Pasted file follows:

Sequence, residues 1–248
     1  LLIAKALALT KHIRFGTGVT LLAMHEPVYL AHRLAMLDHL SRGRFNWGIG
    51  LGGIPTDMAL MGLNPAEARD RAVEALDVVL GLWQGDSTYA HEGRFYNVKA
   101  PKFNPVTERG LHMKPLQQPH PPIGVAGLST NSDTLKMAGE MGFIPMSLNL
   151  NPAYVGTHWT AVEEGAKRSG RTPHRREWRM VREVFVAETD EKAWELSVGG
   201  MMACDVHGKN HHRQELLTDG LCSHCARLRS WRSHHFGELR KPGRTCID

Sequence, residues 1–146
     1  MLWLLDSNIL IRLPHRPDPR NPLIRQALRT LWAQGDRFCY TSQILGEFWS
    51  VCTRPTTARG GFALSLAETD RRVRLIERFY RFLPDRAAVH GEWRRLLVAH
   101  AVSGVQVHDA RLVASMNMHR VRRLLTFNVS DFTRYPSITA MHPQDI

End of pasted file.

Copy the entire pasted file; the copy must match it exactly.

Sequence, residues 1–248
     1  LLIAKALALT KHIRFGTGVT LLAMHEPVYL AHRLAMLDHL SRGRFNWGIG
    51  LGGIPTDMAL MGLNPAEARD RAVEALDVVL GLWQGDSTYA HEGRFYNVKA
   101  PKFNPVTERG LHMKPLQQPH PPIGVAGLST NSDTLKMAGE MGFIPMSLNL
   151  NPAYVGTHWT AVEEGAKRSG RTPHRREWRM VREVFVAETD EKAWELSVGG
   201  MMACDVHGKN HHRQELLTDG LCSHCARLRS WRSHHFGELR KPGRTCID

Sequence, residues 1–146
     1  MLWLLDSNIL IRLPHRPDPR NPLIRQALRT LWAQGDRFCY TSQILGEFWS
    51  VCTRPTTARG GFALSLAETD RRVRLIERFY RFLPDRAAVH GEWRRLLVAH
   101  AVSGVQVHDA RLVASMNMHR VRRLLTFNVS DFTRYPSITA MHPQDI